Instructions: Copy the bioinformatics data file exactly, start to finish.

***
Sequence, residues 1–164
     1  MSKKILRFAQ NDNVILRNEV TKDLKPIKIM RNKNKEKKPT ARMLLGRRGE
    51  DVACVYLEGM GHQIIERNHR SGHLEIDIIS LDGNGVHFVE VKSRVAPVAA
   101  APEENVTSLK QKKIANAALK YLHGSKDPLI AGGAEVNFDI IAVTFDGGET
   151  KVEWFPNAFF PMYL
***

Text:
Sequence, residues 1–164
     1  MSKKILRFAQ NDNVILRNEV TKDLKPIKIM RNKNKEKKPT ARMLLGRRGE
    51  DVACVYLEGM GHQIIERNHR SGHLEIDIIS LDGNGVHFVE VKSRVAPVAA
   101  APEENVTSLK QKKIANAALK YLHGSKDPLI AGGAEVNFDI IAVTFDGGET
   151  KVEWFPNAFF PMYL